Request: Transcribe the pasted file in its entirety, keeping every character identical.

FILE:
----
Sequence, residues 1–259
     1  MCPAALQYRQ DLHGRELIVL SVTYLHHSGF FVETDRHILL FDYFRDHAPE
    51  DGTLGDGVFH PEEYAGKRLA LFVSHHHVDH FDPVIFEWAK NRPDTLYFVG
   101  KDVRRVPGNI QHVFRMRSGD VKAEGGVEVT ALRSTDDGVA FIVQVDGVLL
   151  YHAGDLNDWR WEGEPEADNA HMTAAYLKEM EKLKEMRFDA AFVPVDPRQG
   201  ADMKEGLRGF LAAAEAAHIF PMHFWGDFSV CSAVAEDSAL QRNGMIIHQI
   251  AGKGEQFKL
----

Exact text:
Sequence, residues 1–259
     1  MCPAALQYRQ DLHGRELIVL SVTYLHHSGF FVETDRHILL FDYFRDHAPE
    51  DGTLGDGVFH PEEYAGKRLA LFVSHHHVDH FDPVIFEWAK NRPDTLYFVG
   101  KDVRRVPGNI QHVFRMRSGD VKAEGGVEVT ALRSTDDGVA FIVQVDGVLL
   151  YHAGDLNDWR WEGEPEADNA HMTAAYLKEM EKLKEMRFDA AFVPVDPRQG
   201  ADMKEGLRGF LAAAEAAHIF PMHFWGDFSV CSAVAEDSAL QRNGMIIHQI
   251  AGKGEQFKL